# What is the mean inclination for randomly oriented orbits? How to derive it?

I know the answer is $$60^o$$. But I can't seem to be able to derive the result.

Specifically, how to define the probability density function (PDF) for this problem? Once I have that it should be straightforward. But if I use PDF=$$\cos(i)$$, I get answer closer to 30. So I'm not sure.

• Interesting question! What does "PDF" mean? Also, in orbital mechanics inclination ranges from 0° to 180°, so due to the symmetry the average is most likely to be 90°. You can ask about the average of the absolute value of inclination which is probably more important for eclipse observations, or specify just the 0° to 90° interval.
– uhoh
Commented Jan 27, 2023 at 21:58
• The way I'd solve the problem would be to associate each orbit with a point on a unit sphere where the angular momentum vector intersects; equatorial orbits are a point at the top, ($\theta = 0$) polar orbits are dots around the equator$\theta = \pi/2$, and then solve for the average $\theta$.
– uhoh
Commented Jan 27, 2023 at 21:58
• pdf = probability density function. ie $d/d\theta P(X<\theta)$ Commented Jan 27, 2023 at 22:40
• What defines a randomly oriented orbit? I can see some appeal in @uhoh's idea to take uniformly distributed sampling points on a spherical surface and take each to specify an orbital inclination. In reality, each such point specifies a node as well as an inclination. For any given surface-density of sampling points, there will be far fewer points (near either pole) to provide orbits with a given small inclination than there will be points (near the equator) to provide orbits of a given large large inclination. Can this be called a distribution of randomly oriented orbits? Commented Jan 28, 2023 at 18:44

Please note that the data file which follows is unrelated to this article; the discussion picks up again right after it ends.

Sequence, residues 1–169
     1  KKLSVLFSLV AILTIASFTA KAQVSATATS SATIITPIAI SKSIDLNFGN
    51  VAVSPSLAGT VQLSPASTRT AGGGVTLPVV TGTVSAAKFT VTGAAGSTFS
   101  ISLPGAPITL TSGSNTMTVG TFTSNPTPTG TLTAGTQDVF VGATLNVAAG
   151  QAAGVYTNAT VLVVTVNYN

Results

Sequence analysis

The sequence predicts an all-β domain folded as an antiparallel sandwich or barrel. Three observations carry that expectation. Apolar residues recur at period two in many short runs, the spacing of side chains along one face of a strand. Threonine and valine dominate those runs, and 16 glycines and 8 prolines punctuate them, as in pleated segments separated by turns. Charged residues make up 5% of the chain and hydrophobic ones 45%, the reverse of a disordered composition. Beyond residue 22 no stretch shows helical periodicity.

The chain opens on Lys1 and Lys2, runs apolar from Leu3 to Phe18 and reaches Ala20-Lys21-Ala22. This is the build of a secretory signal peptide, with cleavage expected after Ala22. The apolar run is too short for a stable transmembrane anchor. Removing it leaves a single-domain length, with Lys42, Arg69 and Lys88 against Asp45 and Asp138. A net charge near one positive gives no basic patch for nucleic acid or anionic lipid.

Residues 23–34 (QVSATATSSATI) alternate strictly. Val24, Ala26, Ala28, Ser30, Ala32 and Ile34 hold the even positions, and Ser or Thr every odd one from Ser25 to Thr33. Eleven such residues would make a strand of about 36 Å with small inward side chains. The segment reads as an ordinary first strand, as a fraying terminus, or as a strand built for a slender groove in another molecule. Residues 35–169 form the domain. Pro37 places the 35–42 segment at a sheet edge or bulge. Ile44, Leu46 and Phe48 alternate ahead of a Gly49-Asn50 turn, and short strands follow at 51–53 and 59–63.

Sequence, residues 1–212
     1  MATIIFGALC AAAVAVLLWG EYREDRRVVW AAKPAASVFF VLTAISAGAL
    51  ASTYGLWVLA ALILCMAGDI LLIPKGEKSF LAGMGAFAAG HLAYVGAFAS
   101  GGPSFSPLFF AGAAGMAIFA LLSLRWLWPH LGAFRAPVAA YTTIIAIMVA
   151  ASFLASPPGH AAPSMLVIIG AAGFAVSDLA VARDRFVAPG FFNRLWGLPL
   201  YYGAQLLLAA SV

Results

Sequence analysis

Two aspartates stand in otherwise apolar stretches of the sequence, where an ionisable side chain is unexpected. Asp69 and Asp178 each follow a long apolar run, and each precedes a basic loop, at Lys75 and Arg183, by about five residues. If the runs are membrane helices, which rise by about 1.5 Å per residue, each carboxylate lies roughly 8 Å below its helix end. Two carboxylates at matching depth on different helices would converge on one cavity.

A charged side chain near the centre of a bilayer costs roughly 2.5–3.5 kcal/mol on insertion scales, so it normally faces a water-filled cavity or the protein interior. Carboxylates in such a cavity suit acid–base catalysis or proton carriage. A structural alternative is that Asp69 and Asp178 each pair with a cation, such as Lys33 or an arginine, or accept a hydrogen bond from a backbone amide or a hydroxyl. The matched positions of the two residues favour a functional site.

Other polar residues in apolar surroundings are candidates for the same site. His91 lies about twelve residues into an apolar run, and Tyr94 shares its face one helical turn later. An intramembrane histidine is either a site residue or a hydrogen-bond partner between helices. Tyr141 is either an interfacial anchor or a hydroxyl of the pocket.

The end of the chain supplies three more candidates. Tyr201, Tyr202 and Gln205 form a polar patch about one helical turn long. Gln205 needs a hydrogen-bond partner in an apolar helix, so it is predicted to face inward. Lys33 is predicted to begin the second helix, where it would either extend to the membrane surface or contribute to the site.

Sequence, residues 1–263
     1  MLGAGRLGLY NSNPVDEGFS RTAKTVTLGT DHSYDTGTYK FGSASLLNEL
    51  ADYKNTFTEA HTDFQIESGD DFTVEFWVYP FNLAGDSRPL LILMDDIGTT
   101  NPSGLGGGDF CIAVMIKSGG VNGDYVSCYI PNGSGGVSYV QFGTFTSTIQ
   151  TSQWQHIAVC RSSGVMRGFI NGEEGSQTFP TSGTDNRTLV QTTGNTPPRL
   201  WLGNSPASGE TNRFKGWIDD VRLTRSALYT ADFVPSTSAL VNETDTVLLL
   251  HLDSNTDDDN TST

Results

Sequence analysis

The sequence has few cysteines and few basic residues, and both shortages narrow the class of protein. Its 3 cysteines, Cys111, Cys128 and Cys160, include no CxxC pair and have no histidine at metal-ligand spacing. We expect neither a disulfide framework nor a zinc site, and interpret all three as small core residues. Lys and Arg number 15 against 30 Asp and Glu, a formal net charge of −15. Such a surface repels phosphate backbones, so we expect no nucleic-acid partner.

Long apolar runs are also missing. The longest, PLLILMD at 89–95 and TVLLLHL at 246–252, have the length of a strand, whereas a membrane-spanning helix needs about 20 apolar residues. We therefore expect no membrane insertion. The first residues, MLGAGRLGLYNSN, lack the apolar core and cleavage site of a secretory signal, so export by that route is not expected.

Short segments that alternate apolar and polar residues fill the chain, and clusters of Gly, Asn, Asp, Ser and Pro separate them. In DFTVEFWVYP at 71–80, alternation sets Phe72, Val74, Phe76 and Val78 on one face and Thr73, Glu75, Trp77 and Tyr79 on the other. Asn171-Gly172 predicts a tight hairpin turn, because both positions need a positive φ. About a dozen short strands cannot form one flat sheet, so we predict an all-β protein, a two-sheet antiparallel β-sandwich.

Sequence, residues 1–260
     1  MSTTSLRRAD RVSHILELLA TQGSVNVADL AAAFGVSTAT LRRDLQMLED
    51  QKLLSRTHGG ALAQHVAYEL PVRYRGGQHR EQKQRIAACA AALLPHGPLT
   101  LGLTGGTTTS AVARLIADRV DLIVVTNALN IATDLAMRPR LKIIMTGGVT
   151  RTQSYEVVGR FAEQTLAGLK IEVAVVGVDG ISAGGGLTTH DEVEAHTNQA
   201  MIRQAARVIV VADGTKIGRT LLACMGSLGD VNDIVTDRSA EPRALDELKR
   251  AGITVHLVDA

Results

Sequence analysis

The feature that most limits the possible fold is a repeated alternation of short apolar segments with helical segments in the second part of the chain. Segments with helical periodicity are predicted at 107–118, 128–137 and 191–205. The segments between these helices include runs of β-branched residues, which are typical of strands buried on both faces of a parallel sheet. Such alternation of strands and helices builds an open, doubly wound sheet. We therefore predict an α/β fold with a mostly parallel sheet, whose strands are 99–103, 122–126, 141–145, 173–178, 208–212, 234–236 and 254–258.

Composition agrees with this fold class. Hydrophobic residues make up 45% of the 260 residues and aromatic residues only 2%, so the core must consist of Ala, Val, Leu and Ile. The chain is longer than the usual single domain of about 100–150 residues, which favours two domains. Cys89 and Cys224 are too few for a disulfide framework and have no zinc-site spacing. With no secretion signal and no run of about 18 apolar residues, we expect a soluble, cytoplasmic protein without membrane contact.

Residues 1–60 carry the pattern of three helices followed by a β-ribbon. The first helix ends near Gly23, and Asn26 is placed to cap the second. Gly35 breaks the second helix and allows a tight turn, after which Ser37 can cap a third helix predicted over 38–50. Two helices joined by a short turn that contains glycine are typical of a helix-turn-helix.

• @terry-s see comment
– uhoh
Commented Jan 28, 2023 at 22:26

The orientation of an orbit is uniquely defined (bar the 180 degree ambiguity between prograde and retrograde orbits) by the orientation of the angular momentum vector. A random distribution means there is an equal chance of the angular momentum vector pointing to any unit area on a sphere.

The area on the surface of a sphere that is swept out by a circular strip at inclination $$i$$ and opening angle $$di$$ is $$2\pi \sin i \ di$$. The angle $$i$$ can be thought of as an orbital inclination angle if it is defined as measured down from the "pole" towards the "equator" or reference plane. Since randomly oriented orbits will have angular momentum vectors that populate the surface area of a sphere uniformly, then $$P(i)\ di \propto \sin i\ di\ .$$

The mean (absolute) value of $$i$$ is then straightforwardly given by $$\bar{i} =\frac{\int i\sin i\ di}{\int \sin i\ di}\,$$ where the integrals are performed from $$0$$ to $$\pi/2$$ (for prograde orbits). This yields $$\bar{i} = \left[\sin i- \theta\cos i\right]^{\pi/2}_{0} = 1\ .$$ i.e. The average inclination angle is 1 radian or 57 degrees.